Have books, will travel: Sight-impaired Japanese expat introduces joy of reading to Thai youth

On one of her early study trips to Thailand, Japanese native Yoshimi Horiuchi met a teen boy with muscular dystrophy, who had been out of school for most of his life.

The boy’s weakened muscles caused him to fall in the first grade and the school told his grandmother, the boy’s only caregiver, that they could not care for him. By the time Yoshimi met him, the boy was illiterate and housebound. When asked what he enjoyed doing the most, he said watching television.

“It was really sad to hear this because it was clearly the only thing he could do: he couldn’t read, he couldn’t run around, he couldn’t create something,” Yoshimi says. “I thought it was such a waste for the community. If you could have educated this boy, maybe he could have been a village chief in the future, or at least a very active member of society who could help others as well.”

Yoshimi, 33, was born with almost no vision and lost what little light perception she had early in her university studies. While she thrived in school in her native Japan, she thought, “if I had been born in this environment, I would not be so different.”

“I thought, ‘If I have the opportunity to do anything in Thailand, I must do it in a mobile way,” she said. “I must do it in a way in which I can reach those who are unable to access many activities.”

That visit would, in part, plant the seeds for the Always Reading Caravan (ARC), a “non-governmental, not-for-profit, and non-religious organization” in Chiang Mai’s Phrao District, which Yoshimi founded in 2010. The ARC now runs extensive mobile library services for those unable to access the ARC’s Rang Mai Community Library in Phrao. The 700 members of the library can choose from more than 7,000 books, and Rang Mai also runs weekly and monthly activities for small children and youth.

The ARC also has mobile library activities for people with disabilities and elderly people in the local communities. “That is also very important and close to my heart because without people’s help, I’m not here, at all. I want them to be empowered so that they can also empower others.”

 

Joy in ‘The World of Reading’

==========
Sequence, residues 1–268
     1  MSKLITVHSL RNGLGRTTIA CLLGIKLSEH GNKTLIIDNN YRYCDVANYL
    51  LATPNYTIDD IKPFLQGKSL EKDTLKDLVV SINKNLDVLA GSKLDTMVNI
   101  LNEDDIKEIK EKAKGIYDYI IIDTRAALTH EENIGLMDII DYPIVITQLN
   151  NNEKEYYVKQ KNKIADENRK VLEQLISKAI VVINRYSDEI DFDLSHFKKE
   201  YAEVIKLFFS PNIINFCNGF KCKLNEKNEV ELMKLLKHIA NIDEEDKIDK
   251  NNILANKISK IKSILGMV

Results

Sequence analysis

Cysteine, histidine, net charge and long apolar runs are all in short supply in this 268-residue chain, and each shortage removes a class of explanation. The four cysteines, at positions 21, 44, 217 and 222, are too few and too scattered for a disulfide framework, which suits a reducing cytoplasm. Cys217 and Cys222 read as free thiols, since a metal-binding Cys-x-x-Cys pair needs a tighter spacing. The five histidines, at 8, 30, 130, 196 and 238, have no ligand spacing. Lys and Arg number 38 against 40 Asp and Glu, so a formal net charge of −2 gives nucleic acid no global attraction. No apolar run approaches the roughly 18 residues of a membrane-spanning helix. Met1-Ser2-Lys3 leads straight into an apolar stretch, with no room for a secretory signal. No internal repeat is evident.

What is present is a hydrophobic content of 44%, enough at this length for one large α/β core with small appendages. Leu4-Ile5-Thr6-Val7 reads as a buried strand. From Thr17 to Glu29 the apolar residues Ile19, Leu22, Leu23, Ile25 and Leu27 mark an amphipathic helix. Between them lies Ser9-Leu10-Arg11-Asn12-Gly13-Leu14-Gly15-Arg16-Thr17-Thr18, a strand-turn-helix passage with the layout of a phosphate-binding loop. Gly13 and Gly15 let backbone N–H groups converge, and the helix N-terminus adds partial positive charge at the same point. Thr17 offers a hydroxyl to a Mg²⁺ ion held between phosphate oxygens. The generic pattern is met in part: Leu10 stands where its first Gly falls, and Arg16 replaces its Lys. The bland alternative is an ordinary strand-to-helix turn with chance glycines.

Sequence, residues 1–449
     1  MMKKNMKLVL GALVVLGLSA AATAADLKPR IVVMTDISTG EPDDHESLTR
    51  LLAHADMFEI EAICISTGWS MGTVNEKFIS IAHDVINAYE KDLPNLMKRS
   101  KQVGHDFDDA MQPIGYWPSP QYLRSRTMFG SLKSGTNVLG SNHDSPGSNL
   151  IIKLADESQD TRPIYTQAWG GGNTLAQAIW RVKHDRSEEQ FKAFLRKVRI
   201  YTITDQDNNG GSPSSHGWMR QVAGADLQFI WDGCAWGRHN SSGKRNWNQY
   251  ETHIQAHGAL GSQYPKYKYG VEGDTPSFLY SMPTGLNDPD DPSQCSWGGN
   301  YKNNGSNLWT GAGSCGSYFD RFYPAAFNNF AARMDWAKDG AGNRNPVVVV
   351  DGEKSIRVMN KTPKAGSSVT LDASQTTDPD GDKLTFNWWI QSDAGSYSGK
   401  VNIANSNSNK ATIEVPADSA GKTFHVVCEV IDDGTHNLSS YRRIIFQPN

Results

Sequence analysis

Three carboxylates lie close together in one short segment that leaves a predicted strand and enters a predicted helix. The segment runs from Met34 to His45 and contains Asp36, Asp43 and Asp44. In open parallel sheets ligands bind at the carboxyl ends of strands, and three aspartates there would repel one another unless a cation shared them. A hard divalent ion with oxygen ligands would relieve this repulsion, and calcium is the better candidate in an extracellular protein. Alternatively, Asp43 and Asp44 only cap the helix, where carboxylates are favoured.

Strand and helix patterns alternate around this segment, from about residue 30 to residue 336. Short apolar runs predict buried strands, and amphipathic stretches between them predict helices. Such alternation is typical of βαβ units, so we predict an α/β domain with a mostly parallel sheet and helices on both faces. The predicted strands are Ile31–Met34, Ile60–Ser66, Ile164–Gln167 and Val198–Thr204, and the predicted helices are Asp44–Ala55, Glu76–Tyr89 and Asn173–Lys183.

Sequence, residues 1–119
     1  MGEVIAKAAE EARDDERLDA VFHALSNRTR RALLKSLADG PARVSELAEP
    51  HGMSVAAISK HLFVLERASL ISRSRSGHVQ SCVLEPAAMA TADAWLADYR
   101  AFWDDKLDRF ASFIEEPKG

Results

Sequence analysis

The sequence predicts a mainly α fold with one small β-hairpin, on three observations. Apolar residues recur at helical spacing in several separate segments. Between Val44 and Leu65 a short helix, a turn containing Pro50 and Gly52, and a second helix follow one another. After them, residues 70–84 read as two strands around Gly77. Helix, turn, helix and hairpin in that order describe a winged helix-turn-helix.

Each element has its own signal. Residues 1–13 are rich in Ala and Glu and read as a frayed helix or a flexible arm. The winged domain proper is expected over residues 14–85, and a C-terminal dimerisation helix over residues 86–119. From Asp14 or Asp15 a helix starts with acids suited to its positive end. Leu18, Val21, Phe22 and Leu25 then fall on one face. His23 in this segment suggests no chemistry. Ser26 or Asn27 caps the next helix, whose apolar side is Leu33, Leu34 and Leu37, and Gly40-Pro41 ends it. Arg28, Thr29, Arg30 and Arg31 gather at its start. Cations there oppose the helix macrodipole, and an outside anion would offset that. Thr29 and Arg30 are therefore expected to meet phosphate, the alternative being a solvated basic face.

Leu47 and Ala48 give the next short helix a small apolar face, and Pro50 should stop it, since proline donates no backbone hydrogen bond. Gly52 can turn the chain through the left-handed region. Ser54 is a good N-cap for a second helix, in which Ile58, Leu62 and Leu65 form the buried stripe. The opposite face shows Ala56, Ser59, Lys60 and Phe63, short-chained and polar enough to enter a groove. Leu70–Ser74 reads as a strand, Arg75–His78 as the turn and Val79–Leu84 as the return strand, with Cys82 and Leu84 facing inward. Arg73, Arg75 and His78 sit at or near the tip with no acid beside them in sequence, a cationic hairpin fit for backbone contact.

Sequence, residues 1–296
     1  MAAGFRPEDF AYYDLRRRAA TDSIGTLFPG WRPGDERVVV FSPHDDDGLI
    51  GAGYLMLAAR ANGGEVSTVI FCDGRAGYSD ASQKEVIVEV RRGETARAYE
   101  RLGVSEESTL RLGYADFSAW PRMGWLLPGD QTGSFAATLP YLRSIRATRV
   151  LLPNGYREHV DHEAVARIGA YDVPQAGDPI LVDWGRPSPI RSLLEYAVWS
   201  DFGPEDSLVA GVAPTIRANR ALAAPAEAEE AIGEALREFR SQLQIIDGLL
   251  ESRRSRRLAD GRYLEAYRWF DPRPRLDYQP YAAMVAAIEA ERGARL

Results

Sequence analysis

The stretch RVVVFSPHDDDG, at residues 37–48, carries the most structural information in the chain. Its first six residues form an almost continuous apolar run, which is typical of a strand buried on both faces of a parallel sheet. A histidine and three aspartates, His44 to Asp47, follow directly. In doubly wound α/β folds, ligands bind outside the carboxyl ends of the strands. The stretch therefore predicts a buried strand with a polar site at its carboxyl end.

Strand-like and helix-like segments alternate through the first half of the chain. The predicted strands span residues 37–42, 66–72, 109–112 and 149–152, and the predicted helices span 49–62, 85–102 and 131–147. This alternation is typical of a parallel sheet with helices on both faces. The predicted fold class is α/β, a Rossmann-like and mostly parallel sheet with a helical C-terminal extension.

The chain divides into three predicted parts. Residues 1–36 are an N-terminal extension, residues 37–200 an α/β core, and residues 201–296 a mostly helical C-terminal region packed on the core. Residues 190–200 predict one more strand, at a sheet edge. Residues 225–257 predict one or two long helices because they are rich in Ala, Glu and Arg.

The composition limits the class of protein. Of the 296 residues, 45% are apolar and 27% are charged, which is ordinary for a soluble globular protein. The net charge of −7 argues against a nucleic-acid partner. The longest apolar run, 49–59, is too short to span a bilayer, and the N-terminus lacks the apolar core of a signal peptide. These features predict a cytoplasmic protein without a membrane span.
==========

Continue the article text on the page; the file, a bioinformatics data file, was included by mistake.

Yoshimi, a native of Japan’s Kochi Prefecture, speaks fluent Thai and can read Braille Thai. Her initial interest in the country and knowledge of the language were sparked by chance encounters – first by befriending a Thai fellow exchange student while studying in the U.S. whose friendship left her wanting to know more about the country, and then meeting a Thai person with low vision in Japan who could teach her to read the language in Braille.

Yoshimi moved to Thailand, choosing to base herself in Phrao on the recommendation of American Michael Shafter, a former professor who runs the Warm Heart Foundation in the area. He pointed out the dearth of library services in the province to Yoshimi and how disabled people were often separated from the general community.

The ARC aims to reach these people with mobile library activities, stocking a truck with books and activities for youngsters, and driving out into remote parts of Phrao and the surrounding areas. Yoshimi says the ARC’s mobile library activities differ from other such programs because of the number of fun options they offer the children, such as craft activities, games, toys, pop-up books, puzzles, Legos and the like.

“It’s like a mousetrap,” she says, laughing. “We try to put a lot of biscuits around, so that the [mice] come in. But by the time they are already inside, they can’t retreat from the world of reading. That’s why we say that our biggest mission is to promote the joy of reading and learning, not just reading.”

Yoshimi says that despite Thailand’s high adult literacy rate – 96 percent according to UNESCO’s Institute for Statistics – that sense of joy is too often missing.

“People are afraid of reading activities,” she says. “They are a little bit traumatized by school reading assignments and aren’t really exposed to reading for pleasure.”

That’s why she introduces toys and other elements. “It’s so that children will feel that, ‘Oh, the library is not a bad thing at all!’”

ARC purchases most of its books and materials using donated funds, with Yoshimi estimating that they purchase about THB5,000 worth of books monthly, in addition to the donations they receive from “readers around the country.”

Yoshimi laughs when asked if she plans to remain in Thailand running the ARC for several years. “No! From the beginning, I never thought I would take ownership of this project. I wanted it to belong to the community,” she says. “The most important thing is to promote reading in the countryside and create a model that makes it easy for people in smaller communities to see what we are doing and copy us.”

She says Thailand, and all countries, can maximize the potential of their nation by “empowering people who are so-called marginalized or disadvantaged… What they think is disadvantaged!”

 

By Noel Boivin

An earlier version of this article was featured in UNESCO Bangkok’s “UNESCO Stories” series.​

 

Read more stories by UNESCO Bangkok:

Transgender special needs teacher aims to make sure every student feels accepted

Karaoke Class: Making learning Thai fun in remote mountain villages

 


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